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David_Billa
Rhodochrosite | Level 12

Any help to combine the below two steps into one? I'm trying to understand these two steps which was written by other programmer

 

DATA WORK.BASELINE;
     MERGE WORK.BASELINE (in=A) WORK.POR (in=B);
     BY PLANT PO;
     IF A=1 AND B=0 THEN OUTPUT;
RUN;

DATA WORK.BASELINE;
     SET WORK.BASELINE (in=A) WORK.POR (in=B);
     BY PLANT PO;
RUN;
3 REPLIES 3
benjamin_2018
Fluorite | Level 6

First, it's not a good idea to work with the same dataset "Baseline" so many times. 

For the merge to work, the datasets Baseline and POR must be sorted by PLANT and PO, for example:

 

proc sort data=work.baseline;

by PLANT PO;

proc sort data=work.por;

by PLANT PO; run; 

The first data step says to merge BASELINE and PO by matching PLANT and PO. If a unique combination of those variables is in BASELINE but not in POR, then those observations are output to BASELINE. (BASELINE is overwritten). To avoid overwriting you can change the first line to anything other than BASELINE, such as data work.baseline1. The first data step is more like a filter, I guess. If unique combinations of PLANT and PO are found in both datasets, then these are not output to BASELINE.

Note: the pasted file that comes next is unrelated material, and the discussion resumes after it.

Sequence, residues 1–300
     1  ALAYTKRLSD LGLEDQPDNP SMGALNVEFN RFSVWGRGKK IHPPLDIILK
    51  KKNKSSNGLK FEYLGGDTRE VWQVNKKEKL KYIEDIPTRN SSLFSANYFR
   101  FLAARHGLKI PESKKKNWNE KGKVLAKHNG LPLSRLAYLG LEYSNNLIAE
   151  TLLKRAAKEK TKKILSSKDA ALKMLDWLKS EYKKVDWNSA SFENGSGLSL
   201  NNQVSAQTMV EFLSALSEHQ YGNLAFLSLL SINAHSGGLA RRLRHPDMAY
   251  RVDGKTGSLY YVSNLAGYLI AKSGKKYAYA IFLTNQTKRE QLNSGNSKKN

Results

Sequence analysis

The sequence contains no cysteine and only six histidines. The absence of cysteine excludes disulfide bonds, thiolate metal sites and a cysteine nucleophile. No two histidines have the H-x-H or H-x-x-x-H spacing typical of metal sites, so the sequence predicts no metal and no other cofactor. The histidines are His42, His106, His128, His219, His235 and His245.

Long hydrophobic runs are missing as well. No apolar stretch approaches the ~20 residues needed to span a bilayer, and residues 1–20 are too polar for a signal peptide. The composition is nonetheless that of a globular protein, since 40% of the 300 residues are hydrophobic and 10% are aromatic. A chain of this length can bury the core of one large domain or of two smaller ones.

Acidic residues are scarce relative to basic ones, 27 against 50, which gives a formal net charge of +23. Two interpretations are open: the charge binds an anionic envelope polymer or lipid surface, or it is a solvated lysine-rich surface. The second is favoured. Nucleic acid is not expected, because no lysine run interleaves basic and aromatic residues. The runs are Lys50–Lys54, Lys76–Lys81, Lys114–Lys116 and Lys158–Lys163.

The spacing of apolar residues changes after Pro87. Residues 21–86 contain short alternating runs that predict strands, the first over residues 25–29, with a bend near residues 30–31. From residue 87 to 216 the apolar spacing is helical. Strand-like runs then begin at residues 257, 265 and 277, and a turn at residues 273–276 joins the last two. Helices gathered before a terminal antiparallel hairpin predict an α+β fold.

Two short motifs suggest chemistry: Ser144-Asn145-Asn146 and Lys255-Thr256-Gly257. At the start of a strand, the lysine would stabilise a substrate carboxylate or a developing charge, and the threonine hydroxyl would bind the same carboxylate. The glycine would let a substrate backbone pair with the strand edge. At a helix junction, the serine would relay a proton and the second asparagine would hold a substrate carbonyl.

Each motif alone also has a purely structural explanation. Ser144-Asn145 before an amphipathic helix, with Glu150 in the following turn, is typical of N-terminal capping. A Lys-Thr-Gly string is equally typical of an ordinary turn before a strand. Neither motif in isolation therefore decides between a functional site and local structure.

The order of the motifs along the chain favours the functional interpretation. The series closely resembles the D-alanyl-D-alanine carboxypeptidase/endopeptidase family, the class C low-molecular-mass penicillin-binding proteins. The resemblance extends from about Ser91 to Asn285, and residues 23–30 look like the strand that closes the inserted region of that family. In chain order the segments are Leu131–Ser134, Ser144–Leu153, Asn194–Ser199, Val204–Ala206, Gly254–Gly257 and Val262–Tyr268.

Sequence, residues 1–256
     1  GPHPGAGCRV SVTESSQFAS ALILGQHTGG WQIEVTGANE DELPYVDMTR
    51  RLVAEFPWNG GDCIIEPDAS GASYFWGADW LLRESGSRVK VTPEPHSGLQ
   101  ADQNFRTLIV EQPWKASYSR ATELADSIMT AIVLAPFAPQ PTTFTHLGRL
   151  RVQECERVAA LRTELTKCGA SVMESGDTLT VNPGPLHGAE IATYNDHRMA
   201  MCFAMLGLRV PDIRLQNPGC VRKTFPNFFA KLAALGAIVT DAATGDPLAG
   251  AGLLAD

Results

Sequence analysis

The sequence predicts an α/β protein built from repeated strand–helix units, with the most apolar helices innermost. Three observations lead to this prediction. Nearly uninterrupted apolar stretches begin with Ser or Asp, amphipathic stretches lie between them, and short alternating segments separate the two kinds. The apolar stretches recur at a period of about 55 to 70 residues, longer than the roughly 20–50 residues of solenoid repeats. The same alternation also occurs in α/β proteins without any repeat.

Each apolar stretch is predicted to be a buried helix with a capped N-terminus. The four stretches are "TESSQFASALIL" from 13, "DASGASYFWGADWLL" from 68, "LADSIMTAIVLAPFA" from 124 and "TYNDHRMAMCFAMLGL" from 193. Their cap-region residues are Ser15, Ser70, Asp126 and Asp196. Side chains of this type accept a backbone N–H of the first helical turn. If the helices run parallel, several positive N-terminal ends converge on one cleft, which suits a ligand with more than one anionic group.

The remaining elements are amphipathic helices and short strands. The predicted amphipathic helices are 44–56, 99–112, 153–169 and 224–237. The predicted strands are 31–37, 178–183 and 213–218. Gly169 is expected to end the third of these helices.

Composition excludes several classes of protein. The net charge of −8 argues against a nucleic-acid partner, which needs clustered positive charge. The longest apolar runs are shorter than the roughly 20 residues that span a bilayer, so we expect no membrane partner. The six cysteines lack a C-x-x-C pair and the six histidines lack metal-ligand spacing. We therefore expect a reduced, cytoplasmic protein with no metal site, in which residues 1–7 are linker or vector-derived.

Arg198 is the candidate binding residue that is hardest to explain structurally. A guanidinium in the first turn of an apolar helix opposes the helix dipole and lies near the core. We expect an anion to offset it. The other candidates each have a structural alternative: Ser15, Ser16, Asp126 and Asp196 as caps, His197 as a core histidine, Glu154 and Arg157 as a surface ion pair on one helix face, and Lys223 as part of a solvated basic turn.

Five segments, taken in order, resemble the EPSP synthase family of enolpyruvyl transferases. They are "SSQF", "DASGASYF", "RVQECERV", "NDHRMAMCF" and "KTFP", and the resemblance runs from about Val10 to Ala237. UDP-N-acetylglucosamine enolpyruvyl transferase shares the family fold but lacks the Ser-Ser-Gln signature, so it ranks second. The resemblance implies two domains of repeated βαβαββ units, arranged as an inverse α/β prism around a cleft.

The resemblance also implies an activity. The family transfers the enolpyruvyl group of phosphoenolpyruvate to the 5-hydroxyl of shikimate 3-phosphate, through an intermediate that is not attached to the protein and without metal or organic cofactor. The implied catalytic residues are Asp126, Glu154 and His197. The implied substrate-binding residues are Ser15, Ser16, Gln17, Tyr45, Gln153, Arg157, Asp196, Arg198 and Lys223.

The second data step requires A=1 and B=1 implicitly, so only matching combinations of PLANT and PO in each dataset are written to the output dataset BASELINE. If these are run sequentially, the second data step will find no matching observations because the output from the first data step will have removed any matching combinations of PLANT and PO from BASELINE. 

 

PaigeMiller
Diamond | Level 26

Adding to the comment from @benjamin_2018 , suppose you want a new data set named BASELINE2 and another data set named BASELINE3 (instead of two data sets named BASELINE which is impossible, and a bad idea to overwrite the original BASELINE with a new BASELINE, which also won't work the way it is programmed)

 

DATA BASELINE2 baseline3;
     MERGE WORK.BASELINE (in=A) WORK.POR (in=B);
     BY PLANT PO;
     IF A=1 AND B=0 THEN OUTPUT baseline2;
     output baseline3;
RUN;

 

--
Paige Miller
Astounding
PROC Star

It is highly unlikely (but remotely possible) that the first step is needed.  If it is needed, here is the scenario that it addresses.

 

Suppose that there is a combination of PLANT/PO that appears in both data sets.  Also suppose that the particular combination has more observations in A than in B.  Then both steps would be needed to remove the observations in A for that PLANT/PO combination and replace them with the observation(s) in B.

 

For all other scenarios, the first step is useless and can be removed ... unless you actually removed pieces of the DATA step(s) before posting them.

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